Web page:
# Statistical Analysis Of Wire Electrical Discharge Machining On Surface Finish

DOI : 10.17577/IJERTV2IS3746

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#### Statistical Analysis Of Wire Electrical Discharge Machining On Surface Finish

S V Subrahmanyam

Asst Professor, Dept of Mechanical Engg, GVP College of Engineering, Vizag, A.P. India

M. M. M. Sarcar

Professor and HOD of Mechanical Engg.,

A.U. College of Engineering, Vizag, A.P. India

Abstract

With Modernization, Machine tool industry has made exponential growth in its manufacturing capabilities where in the demand for alloy materials having high hardness, toughness and impact resistance increased. To machine them various non traditional machines and machining methods such as WEDM emerged and developed. WEDM is popular and specialized in machining conductive metals of any hardness or that are difficult or impossible to cut with traditional methods into general, complex shapes, contours or fragile geometries. The rough cut operation of WEDM prefers Cutting Speed to Surface Finish, where as finish cut operation prefers Surface Finish, accurate cut rather to Cutting speed. Hence, the optimality problem of process parameters for higher cutting efficiency, accurate cut and good surface finish has attracted the attention of the researchers and practicing engineers. This paper focuses, to optimize the effects of eight input process parameters on Surface Finish during the machining of EN-31 using Taguchi L36(2137) orthogonal array (OA) as

design of experiments (DOE).

Keywords: EN31, Surface Finish, Orthogonal array, WEDM

1. Introduction

WEDM uses thermal erosion process for material removal from the work piece. The effect is produced when electric sparks are generated between the work piece and a wire electrode(cutting tool) flushed or immersed in the dielectric fluid without tool being in

touch with the work piece[1]. The gap between the work piece and wire is flooded with deionized water as localized stream, which acts as the dielectric. By spark discharges Work piece material is eroded ahead of transporting the wire. When each pulse of electricity is delivered from the mains, allows a small spark to jump the shortest distance between the work piece and wire. A small pool of molten metal is formed on the work piece and the wire at the point of the spark. During the process an air/gas bubble forms around the spark and the molten pools. This air/gas bubble collapses whenever the pulse of electricity is off or the spark disappears. Then the cool dielectric rushes and causes the molten metal to be ejected from the work piece and the wire. The process is repeated hundreds of thousands of times per second during WEDM Machining and removes material from the work piece in shapes against to that of wire [2, 3].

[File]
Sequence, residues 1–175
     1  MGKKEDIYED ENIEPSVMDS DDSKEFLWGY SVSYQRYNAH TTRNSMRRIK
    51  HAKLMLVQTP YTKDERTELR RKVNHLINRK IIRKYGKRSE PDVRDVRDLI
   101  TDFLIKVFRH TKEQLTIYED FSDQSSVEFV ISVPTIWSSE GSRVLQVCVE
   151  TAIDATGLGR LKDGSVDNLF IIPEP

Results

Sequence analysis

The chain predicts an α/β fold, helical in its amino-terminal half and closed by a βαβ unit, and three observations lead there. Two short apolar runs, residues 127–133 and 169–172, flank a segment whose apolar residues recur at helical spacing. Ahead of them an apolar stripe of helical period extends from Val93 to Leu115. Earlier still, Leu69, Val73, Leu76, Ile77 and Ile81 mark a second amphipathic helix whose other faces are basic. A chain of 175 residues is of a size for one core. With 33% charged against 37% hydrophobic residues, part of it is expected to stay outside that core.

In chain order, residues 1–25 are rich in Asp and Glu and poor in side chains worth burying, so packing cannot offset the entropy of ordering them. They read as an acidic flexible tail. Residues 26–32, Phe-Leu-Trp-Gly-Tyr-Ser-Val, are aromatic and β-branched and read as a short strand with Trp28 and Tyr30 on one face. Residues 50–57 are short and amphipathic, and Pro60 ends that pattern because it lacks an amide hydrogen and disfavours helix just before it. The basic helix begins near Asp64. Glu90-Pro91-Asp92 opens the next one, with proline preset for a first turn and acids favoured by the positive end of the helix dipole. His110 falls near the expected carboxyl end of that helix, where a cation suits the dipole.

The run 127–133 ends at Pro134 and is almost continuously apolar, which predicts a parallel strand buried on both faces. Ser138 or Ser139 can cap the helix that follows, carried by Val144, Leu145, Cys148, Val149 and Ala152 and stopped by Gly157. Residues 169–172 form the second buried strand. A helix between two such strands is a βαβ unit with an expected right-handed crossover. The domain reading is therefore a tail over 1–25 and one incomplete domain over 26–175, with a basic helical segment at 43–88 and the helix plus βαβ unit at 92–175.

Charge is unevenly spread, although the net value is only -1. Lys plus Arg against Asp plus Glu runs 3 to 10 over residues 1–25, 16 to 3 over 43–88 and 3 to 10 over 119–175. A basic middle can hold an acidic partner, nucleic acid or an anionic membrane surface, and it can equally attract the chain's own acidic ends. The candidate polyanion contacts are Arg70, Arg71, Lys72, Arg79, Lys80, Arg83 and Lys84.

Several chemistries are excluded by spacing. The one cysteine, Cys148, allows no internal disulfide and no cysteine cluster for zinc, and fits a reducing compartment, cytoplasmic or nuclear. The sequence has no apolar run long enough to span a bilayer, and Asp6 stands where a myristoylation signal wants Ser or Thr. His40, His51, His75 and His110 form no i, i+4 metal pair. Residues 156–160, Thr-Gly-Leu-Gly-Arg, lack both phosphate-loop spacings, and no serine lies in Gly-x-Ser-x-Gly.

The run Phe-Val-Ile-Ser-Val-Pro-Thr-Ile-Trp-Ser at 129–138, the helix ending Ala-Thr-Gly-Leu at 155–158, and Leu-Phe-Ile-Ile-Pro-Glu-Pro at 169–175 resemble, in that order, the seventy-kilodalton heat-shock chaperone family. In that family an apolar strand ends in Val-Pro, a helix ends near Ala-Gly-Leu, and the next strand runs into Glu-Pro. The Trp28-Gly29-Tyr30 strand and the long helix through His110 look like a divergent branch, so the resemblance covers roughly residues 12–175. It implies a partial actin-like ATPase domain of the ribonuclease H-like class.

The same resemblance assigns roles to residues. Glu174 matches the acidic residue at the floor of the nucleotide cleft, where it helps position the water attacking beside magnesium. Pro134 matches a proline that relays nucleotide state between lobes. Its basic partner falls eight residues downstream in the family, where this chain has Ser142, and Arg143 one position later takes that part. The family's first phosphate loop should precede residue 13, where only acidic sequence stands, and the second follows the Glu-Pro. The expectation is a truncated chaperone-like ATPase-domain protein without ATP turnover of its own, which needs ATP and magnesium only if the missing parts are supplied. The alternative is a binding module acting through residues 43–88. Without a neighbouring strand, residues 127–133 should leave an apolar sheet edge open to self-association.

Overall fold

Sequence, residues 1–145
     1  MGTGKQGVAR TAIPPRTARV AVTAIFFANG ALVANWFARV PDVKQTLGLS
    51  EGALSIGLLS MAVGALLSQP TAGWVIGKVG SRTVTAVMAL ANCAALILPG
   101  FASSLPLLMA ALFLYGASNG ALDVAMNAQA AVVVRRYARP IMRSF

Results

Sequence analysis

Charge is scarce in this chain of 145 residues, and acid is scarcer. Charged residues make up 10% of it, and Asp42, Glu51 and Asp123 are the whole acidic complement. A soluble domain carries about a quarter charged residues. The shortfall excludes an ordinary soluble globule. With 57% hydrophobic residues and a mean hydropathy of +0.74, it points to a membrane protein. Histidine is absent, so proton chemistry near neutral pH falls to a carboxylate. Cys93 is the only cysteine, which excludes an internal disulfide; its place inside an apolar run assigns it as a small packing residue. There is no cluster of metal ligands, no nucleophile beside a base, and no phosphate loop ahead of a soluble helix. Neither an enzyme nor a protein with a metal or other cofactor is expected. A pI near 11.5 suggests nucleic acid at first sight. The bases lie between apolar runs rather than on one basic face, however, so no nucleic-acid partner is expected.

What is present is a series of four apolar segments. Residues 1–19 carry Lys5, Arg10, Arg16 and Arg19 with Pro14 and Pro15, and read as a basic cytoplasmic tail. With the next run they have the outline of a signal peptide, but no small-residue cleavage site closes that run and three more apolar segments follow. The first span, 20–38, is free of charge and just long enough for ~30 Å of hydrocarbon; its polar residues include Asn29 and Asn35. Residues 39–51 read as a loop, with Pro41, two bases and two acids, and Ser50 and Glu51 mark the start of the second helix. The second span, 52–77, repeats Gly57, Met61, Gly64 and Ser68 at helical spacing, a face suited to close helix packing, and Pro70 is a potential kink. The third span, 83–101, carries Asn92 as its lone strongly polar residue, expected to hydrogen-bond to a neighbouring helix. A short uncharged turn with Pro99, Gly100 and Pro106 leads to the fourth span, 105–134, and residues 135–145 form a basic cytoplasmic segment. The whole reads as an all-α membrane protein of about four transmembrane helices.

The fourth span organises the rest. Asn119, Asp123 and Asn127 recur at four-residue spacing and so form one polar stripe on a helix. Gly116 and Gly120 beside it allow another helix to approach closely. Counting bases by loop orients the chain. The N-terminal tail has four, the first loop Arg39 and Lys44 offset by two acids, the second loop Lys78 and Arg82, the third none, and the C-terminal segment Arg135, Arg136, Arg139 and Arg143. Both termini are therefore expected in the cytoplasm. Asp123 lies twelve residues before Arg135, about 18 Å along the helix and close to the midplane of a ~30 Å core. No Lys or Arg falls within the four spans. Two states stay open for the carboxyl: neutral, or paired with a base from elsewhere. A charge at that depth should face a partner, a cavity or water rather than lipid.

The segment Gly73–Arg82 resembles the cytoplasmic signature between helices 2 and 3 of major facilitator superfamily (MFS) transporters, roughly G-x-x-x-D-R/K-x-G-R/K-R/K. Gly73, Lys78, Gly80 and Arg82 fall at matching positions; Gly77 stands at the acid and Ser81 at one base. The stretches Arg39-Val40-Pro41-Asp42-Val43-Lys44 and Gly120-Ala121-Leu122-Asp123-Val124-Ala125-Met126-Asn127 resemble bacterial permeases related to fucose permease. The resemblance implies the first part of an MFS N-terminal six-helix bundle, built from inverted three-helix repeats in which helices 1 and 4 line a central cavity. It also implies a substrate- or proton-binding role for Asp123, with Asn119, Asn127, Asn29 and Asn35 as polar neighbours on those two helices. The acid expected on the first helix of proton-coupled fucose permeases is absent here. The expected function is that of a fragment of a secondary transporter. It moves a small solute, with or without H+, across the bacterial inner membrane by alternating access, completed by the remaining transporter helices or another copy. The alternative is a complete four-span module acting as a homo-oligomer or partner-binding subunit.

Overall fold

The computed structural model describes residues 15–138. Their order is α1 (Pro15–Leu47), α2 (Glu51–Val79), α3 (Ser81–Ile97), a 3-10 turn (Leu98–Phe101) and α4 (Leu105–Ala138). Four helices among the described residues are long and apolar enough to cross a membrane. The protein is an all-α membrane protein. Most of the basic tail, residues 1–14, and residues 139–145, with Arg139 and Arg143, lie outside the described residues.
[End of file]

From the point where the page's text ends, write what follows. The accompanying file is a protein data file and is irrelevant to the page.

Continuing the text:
The material removal rate(MRR), surface finish(SR) depends on the various input parameters of the WEDM. For better MRR, SR the optimal input of parameters play a vital role in WEDM.WEDM machining process parameters can be optimized by using Taguchi method. To get the desired responses Taguchi s robust design was used in various applications to obtain optimum parametric combinations [4-9]. In most of the manufacturing processes, the surface roughness is one of the most important performance measures. Literature survey revela Several researchers were previously attempted to improve the surface roughness on various materials [10-20]. Experiments wered conducted by Han et al [14] on different materials namely aluminum alloy, brass, alloy steel, cemented carbide at the same conditions to obtain surface roughness.

They concluded the rigidity is a significant factor affecting the surface roughness. The surface

roughness decreases as material rigidity increases. Therefore high rigidity materials will produce finer surfaces and low rigidity materials produces high surface roughness. EN series materials are moderately rigid materials of the steel alloys. This material is rapidly growing its applications because of its high strength and hardness even at higher temperatures this suits most of the engineering requirements today. Apart from this, this is one of the strongest heat treatable alloys. The main purpose of this paper is to investigate effects of eight machining parameters on the Surface Finish of wire EDMed En31 alloy steel.

2. Experimental Set Up and Data Collection

The design of experiments based on Taguchi Orthogonal Array, experimental setup and the method of conducting experiments are discussed in this section.

1. #### Work Material and tool/cutting tool material

The chemical composition of the EN 31 alloy steel, work piece material selected for the experiments, is shown in Table 1. 0.25 mm diameter Brass wire, is a diffused wire of brass of type ELECTRA_Duracut, was used as tool electrode in the present experimental set up. 0.25 mm diameter stratified wire (Zinc coated copper wire) with vertical configuration has been used and discarded once used. High Surface Finish (Ra) in WEDM can be attained by the use of zinc coated copper wire because evaporation of zinc causes cooling at the interface of work piece and wire and a coating of zinc oxide on the surface of wire helps to prevent short-circuits and jerks in cutting (Sho et al., 1989).

Table 1: The chemical composition of EN31 Alloy steel

 Material C Cr Mn Si Fe EN31 0.95 1.45 0.60 0.22 Balance %wt
2. #### Schematic of Machining

All the experiments were carried out on SPRINTCUT (AU) WITH PULSE GENERATOR

ELPULS 40A DLX CNC Wire-cut EDM machine made by ELECTRONICA Company. All the three axes of the machine are servo controlled and can be